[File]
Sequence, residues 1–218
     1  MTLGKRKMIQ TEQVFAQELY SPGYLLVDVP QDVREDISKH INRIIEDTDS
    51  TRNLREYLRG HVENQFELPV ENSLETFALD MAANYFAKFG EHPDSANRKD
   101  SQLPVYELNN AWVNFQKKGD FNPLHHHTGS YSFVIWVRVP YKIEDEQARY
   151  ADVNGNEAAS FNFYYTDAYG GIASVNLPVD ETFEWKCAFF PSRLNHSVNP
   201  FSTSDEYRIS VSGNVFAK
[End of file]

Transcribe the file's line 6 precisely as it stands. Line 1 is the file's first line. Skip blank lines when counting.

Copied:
   201  FSTSDEYRIS VSGNVFAK